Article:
Ultimately, one problem Justice League has, which it has inherited in its DCEU DNA is a lack of identity. Man Of Steel wanted to be a Nolan-lite version of Superman but couldn’t flesh out any sort of character, nor find a tone that fit the legendary character. Whilst it gave up on the Nolan side for a final third of relentless, almost sadistically gleeful Snyderism’s. Subtlety, which only ever peeked inside the door, had long gone, bolting the doors and outer gates shut as it left in an Uber to return to Chris Nolan’s house. Then, as these movies tend to do as they are churned out, every subsequent release will interlink and nod to another. Characters pop up in the other films. We had already been treated to our introduction to Wonder Woman in Batman Vs Superman before she appeared in her own solo movie, which remains the only DCEU film to receive a positive critical response.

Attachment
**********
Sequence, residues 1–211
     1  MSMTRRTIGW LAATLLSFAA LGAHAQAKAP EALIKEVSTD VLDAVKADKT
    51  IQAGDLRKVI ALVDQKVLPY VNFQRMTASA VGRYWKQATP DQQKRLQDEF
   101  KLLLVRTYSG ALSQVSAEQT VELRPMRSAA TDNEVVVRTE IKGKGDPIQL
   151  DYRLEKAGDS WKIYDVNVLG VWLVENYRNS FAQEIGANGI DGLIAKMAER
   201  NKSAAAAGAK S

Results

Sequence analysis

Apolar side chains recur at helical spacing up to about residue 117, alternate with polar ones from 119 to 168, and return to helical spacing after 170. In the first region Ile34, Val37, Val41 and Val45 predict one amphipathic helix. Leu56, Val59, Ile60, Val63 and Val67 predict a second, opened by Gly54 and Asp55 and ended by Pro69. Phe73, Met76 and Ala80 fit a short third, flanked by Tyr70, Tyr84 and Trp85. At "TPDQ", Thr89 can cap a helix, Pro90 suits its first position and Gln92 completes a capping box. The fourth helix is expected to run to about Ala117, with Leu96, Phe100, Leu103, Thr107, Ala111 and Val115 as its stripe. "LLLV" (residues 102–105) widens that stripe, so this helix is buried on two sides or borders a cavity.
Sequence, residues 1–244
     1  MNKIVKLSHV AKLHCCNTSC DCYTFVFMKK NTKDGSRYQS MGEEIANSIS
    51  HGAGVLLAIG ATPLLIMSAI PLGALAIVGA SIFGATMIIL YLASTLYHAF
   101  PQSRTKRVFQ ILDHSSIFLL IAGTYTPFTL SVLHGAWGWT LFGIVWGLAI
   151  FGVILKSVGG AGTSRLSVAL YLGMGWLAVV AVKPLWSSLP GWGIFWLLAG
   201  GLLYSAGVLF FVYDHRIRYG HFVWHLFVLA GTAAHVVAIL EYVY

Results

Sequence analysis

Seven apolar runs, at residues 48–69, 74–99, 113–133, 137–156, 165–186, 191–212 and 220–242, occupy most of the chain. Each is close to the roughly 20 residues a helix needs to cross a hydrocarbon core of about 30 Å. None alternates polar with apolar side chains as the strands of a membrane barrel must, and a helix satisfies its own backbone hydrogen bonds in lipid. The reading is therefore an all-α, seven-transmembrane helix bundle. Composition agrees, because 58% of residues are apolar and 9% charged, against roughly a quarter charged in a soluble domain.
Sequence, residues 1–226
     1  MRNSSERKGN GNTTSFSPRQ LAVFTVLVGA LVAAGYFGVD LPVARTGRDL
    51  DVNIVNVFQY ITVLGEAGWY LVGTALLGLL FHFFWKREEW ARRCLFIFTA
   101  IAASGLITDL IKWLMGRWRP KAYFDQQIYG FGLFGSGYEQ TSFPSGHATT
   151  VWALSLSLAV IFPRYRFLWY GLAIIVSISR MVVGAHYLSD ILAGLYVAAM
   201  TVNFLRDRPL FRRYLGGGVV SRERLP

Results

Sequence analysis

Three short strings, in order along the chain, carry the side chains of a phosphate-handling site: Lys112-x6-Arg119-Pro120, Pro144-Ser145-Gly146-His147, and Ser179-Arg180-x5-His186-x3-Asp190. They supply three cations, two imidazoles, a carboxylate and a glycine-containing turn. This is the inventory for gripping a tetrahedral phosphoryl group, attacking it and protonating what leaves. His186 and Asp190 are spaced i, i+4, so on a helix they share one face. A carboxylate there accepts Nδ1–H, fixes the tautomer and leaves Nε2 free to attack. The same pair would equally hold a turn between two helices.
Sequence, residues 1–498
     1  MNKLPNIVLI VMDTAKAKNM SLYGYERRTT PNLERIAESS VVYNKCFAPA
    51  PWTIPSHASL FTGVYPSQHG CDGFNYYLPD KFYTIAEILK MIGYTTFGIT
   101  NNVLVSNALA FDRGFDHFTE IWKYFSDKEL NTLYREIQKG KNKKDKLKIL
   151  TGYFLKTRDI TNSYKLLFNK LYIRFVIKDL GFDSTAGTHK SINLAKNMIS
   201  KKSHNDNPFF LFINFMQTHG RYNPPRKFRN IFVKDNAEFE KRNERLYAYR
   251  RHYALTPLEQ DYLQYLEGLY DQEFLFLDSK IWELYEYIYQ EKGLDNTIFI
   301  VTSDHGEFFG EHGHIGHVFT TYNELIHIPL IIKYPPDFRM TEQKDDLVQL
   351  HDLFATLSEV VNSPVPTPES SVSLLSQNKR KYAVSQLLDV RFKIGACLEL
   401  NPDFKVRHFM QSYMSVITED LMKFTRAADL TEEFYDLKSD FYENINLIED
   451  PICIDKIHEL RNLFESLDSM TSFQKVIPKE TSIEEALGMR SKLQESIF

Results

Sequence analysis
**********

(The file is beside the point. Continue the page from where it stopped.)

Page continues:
Justice League’s messy creation and post-shoot tonal shift was always going to suggest a mediocre critical reception and that proved to be the case again. Wonder Woman proved there’s not a pre-disposition toward anti-DC bias among critics. Frankly that suggestion, particularly if it comes from a film-maker involved is a bit sad. Keyboard warriors are entitled to voice their opinion on a film, or indeed on the reviewers of a film. Granted it boils down to petty insults a lot of times, without discourse (the nature of the net…well, humanity historically). Speaking as a critic, I will say that I don’t get off on savaging a film. I’ll also happily admit to having a preconception about a film that was way off what was delivered. Paddington as an example looked diabolical to me from the trailers and under the preconceived idea of how other similar titles from British literature and TV culture have turned out through big screen adaptations. I expected another Magic Roundabout but the film was a delight. As a critic it is actually the joy of being surprised or falling in love with a film which gives me the most pleasure. I would guess it’s the same for most of my kin. Granted we can’t use as much sarcasm in a good review, but swings and roundabouts.